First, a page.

Green Pepper and Soy

by Alysa
(Detroit, MI)

I have a kitten named Marlon, almost 16 weeks old now, and he likes the oddest things. Once in a while when I'm not looking, he'll snatch a bit of green pepper off of my pizza. While he hasn't had any bad affects from it, I wanted to know if that was safe for him to eat.

I've had other cats who like soy milk as well as Marlon. Is that alright for cats as well? They don't drink it, but if I leave my cereal bowl unattended, Marlon will hop up onto the table to get a sip. Same happens if I have some soy-based yogurt (no milk whatsoever). I'm just want to know if I'm hurting him in the long-run or not.


Cats that live in the wild often include grass, berries, flowers and leaves of some plants in their diet so a small piece of green pepper occasionally stolen from your pizza won’t harm your cat.

However, it is one of the nightshade plants that are to be avoided. A way to recognize nightshade plants is that they have similar leaf shapes that resemble the holly leaf. The green parts of the nightshade plants (and immature fruits) contain solanine which is a bitter tasting poison. The plant actually produces this ingredient as a defense mechanism against insects, predators and disease. Although the green color is from chlorophyll which is harmless, it typically indicates the presence of an increased level of solanine. Green potatoes, green tomatoes, eggplant, green, yellow or red bell peppers and the tobacco plant are the most common.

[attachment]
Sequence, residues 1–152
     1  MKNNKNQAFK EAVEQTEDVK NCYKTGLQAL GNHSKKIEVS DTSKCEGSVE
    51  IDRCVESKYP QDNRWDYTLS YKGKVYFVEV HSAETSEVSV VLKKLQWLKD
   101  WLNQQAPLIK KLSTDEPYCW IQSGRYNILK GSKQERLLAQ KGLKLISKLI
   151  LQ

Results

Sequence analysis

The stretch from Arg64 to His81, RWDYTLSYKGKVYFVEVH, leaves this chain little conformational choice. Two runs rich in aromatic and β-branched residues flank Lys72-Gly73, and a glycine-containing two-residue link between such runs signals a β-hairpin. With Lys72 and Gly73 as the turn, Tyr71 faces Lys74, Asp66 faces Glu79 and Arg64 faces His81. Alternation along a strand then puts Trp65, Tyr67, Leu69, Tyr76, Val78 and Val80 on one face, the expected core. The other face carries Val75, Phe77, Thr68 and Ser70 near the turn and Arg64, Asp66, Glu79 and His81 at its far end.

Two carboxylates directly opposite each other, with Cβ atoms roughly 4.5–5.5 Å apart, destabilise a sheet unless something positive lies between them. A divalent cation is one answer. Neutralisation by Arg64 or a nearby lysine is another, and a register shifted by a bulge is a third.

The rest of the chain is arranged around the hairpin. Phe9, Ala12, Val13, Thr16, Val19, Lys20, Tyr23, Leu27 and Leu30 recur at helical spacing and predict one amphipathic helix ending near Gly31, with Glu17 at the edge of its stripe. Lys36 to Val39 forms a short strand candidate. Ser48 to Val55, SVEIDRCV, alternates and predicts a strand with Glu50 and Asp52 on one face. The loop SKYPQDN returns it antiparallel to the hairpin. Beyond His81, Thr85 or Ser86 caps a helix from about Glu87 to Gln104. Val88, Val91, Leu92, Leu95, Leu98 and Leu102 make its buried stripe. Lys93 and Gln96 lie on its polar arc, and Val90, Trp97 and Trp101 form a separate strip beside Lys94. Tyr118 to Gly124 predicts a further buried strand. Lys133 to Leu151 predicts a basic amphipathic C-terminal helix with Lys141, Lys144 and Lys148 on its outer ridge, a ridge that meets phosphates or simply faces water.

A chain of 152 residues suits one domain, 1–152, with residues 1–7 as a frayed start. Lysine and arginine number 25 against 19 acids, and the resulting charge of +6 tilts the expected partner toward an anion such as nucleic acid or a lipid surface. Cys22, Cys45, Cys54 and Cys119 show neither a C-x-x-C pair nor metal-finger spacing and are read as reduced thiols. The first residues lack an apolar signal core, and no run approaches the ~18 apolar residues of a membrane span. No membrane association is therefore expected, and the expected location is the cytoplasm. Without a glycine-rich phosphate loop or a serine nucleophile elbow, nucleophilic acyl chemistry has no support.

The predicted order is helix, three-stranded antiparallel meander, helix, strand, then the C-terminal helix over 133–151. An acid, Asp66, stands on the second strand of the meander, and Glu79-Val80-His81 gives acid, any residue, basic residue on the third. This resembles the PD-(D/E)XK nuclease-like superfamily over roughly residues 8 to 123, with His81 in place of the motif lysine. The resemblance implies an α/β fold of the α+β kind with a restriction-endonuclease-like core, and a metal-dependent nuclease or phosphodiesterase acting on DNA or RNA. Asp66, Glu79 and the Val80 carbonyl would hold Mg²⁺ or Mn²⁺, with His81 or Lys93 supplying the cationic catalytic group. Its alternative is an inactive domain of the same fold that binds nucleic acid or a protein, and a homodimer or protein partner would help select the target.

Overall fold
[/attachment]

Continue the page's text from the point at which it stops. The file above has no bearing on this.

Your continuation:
Ingesting large amounts of these can cause gastrointestinal upsets, diarrhea, vomiting, small sores around the mouth area, etc. Huge amounts could even lead to death (like small amounts of onions, chives and garlic can) but most pets find the tastes of these foods only briefly interesting. In humans, there are many persons with arthritis who claim that their condition is aggravated by eating nightshade plants so they avoid them.

Marlon should be fine with a bit of soy milk as long as it doesn’t replace his intake of water which is also needed. Most cats are lactose intolerant so the soy milk can substitute as a treat. Soy based yogurt is fine also. Even regular yogurt is diluted with things such as water or added fats. They may also be cultured, meaning microorganisms have digested part of the lactose. If Marlon likes a milk treat you can try the one I use for my cats. It’s called Whiska’s Catmilk and it’s a milk replacer. It’s available in most grocery stores near the cat food or at a pet store. Every couple of weeks I put out a small dish of it and the cats that like this treat make short work of it.

It sounds like you’re doing fine with your curious little critter, Marlon. I hope you have many happy years with him. Sounds like he’ll keep you amused.

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